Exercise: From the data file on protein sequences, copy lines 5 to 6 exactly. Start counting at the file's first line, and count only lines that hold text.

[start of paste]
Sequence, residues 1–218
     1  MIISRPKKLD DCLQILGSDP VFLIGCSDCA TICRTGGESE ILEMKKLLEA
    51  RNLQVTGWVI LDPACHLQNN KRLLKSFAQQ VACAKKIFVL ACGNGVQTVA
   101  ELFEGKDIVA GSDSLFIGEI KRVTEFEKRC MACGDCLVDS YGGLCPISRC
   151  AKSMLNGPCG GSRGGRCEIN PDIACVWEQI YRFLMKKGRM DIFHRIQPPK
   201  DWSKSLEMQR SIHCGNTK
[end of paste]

   151  AKSMLNGPCG GSRGGRCEIN PDIACVWEQI YRFLMKKGRM DIFHRIQPPK
   201  DWSKSLEMQR SIHCGNTK